Reaction Engines joins ATI projects RACHEL and LH2GT, working alongside Rolls-Royce to develop key technologies for a liquid hydrogen gas turbine and its fuel system

With the help of Reaction Engines’ world-leading thermal management expertise, the projects aim to develop cutting-edge technologies that will enable the development of zero-carbon aircraft propulsion systems.

Reaction Engines is excited to announce its participation in projects RACHEL and LH2GT, two cutting-edge projects developing technologies for the use of liquid hydrogen fuel in aviation. Led by Rolls-Royce and funded by the UK government’s Aerospace Technology Institute (ATI), Reaction Engines brings to the projects its world-leading thermal management expertise as the aviation industry looks to accelerate its decarbonisation ambitions.

For the Robustly Achievable Combustion of Hydrogen Engine Layout (RACHEL) project, the UK Government and project partners (Rolls-Royce, Reaction Engines, Imperial College London, National Composite Centre, University of Bristol, Spirit AeroSystems, Causeway & ITP Aero UK) are providing £36.7 million of funding to develop key technologies and integrated powerplant architecture for a liquid hydrogen gas turbine. Reaction Engines’ novel heat exchanger architectures will be a critical part of optimising a gas turbine engine to run on liquid hydrogen fuel, being deployed on this project to develop a hydrogen-cooled oil cooler. This novel heat exchanger will utilise the high heat capacity of hydrogen to cool the engine oil, helping ensure safe and efficient operation throughout the system.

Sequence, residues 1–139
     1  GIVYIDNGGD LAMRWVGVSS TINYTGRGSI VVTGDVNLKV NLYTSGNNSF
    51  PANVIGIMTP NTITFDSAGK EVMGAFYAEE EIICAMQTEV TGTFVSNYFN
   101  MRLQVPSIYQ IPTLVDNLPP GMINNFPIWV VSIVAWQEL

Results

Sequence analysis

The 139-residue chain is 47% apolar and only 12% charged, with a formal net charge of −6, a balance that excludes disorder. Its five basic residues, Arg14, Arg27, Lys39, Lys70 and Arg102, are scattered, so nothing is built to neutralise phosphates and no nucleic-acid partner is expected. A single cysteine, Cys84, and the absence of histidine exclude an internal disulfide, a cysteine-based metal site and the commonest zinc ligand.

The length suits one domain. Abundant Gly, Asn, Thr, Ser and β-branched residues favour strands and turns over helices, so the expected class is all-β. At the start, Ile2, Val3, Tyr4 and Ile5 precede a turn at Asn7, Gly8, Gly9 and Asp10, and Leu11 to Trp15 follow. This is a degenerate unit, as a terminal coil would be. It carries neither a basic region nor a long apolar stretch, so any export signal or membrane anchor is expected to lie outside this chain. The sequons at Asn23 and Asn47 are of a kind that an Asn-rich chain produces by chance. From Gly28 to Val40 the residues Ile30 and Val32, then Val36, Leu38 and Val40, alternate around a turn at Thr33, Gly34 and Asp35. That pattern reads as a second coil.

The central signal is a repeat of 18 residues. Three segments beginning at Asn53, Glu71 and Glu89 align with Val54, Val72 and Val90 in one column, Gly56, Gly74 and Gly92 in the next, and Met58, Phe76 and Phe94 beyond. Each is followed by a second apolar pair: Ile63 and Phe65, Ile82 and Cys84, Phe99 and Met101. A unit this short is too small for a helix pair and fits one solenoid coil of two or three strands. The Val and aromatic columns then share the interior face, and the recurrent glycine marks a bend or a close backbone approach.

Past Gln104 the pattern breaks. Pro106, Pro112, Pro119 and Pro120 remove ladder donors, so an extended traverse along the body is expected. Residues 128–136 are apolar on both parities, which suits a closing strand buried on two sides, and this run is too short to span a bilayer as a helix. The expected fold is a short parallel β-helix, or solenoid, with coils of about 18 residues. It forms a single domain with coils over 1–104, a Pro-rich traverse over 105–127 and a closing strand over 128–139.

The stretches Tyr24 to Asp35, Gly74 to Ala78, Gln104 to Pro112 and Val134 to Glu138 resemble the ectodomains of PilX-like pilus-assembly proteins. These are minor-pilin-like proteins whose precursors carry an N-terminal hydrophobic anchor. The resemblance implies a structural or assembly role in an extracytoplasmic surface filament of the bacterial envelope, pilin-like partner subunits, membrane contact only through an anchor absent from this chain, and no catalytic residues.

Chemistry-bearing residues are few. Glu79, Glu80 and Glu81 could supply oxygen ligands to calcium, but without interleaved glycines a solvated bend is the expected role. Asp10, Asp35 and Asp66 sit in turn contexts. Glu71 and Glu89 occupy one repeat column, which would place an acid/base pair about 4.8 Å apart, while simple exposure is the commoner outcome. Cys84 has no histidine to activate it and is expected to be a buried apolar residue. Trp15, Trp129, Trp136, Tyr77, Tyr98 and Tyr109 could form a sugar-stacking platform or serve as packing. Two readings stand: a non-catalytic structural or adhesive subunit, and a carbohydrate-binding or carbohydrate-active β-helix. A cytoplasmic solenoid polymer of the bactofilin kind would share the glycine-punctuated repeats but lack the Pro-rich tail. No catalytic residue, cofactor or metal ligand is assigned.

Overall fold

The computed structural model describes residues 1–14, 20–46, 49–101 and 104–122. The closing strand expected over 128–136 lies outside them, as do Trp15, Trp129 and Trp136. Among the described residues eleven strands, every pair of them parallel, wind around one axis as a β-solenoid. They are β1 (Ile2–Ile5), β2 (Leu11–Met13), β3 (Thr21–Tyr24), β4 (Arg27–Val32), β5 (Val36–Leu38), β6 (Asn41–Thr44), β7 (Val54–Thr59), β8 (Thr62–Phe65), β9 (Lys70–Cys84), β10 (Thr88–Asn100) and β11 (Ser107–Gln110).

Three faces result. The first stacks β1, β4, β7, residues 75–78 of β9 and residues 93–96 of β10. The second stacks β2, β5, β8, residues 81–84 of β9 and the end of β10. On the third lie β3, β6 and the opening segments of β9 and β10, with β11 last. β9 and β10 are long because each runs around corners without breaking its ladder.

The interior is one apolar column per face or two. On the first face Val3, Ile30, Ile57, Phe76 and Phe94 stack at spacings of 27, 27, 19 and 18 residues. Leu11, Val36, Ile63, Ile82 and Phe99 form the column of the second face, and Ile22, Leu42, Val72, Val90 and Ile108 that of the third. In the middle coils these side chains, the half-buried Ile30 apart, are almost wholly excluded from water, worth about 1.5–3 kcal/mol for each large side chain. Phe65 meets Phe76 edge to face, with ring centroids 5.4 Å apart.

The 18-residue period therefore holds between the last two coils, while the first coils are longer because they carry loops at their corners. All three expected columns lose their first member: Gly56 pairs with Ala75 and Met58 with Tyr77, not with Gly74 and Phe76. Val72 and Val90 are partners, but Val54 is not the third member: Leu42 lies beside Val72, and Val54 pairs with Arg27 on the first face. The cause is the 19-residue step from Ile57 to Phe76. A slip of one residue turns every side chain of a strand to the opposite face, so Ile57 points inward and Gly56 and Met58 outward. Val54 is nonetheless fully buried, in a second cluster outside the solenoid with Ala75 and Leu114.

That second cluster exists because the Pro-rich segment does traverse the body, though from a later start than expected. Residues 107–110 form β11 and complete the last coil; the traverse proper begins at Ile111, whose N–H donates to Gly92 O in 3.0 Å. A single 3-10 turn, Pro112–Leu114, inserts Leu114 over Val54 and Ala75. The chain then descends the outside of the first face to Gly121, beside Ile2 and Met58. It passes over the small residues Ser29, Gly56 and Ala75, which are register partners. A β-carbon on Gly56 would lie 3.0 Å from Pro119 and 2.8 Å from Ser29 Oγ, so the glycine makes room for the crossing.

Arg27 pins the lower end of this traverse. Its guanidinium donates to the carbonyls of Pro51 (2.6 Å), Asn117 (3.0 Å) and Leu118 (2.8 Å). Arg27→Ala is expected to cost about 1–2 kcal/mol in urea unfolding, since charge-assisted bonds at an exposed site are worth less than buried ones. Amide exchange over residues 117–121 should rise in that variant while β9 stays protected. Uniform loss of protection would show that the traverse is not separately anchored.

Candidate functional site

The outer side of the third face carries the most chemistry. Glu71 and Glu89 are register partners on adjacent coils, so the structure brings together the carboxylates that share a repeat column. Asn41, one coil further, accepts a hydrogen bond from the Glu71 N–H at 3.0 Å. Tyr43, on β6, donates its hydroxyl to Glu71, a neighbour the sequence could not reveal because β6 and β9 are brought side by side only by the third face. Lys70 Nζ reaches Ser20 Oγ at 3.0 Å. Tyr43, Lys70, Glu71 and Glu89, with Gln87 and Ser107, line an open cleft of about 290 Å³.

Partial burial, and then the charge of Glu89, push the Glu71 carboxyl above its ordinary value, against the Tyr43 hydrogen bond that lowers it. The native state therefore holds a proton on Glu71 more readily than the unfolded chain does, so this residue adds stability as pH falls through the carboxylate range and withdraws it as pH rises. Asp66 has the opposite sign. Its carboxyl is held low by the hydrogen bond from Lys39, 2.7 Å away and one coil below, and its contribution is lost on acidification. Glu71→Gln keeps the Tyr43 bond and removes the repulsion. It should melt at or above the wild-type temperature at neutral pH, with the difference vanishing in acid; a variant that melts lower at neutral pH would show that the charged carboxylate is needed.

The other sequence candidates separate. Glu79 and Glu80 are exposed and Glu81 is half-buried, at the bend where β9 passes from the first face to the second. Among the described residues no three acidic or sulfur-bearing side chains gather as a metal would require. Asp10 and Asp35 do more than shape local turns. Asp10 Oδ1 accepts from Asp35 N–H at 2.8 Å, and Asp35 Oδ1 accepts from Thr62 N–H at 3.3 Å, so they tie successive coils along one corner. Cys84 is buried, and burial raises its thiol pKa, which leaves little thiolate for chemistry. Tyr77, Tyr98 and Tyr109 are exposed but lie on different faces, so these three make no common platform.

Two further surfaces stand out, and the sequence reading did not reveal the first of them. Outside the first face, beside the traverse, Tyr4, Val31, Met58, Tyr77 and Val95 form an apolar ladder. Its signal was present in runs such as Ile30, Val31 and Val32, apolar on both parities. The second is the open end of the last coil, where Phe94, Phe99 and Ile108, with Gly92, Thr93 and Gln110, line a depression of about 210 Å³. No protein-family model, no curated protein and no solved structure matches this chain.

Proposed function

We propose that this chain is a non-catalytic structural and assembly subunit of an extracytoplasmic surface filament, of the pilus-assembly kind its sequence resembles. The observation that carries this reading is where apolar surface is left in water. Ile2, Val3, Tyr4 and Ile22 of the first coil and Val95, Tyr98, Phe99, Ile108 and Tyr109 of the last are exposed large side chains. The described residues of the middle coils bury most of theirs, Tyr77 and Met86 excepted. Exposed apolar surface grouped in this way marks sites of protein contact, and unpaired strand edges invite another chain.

Alongside the RACHEL initiative, the Liquid Hydrogen Gas Turbine (LH2GT) project, which has received £31.4 million of UK Government and project partner (Rolls-Royce, Reaction Engines, Manufacturing Technology Centre, Cranfield University, University of Oxford, University College London, Heathrow Airport & Easy Jet) funding, will develop technologies needed to take cryogenic hydrogen from a storage tank, condition it, and deliver it to the combustor in a hydrogen-burning gas turbine.

Having worked on hydrogen-burning engine designs for many years as part of the SABRE programme, Reaction Engines’ team has extensive expertise that will be deployed on the LH2GT and RACHEL project as we help to decarbonise aviation.

Dominic Hall, Deputy Sector Lead – Aerospace, Reaction Engines said: “Reaction Engines is delighted to be part of these two innovative programmes that will support the development of zero-carbon propulsion technology for commercial aircraft. Our proprietary heat exchanger technology and thermal management expertise will play a crucial role in adapting existing turbine engine architecture to enable the use of liquid hydrogen fuel and support the sector’s decarbonisation efforts. We are proud to work alongside Rolls-Royce in these important ATI-funded initiatives that are not only working to make aviation more sustainable but also ensuring that the UK’s aerospace sector remains competitive well into the future.”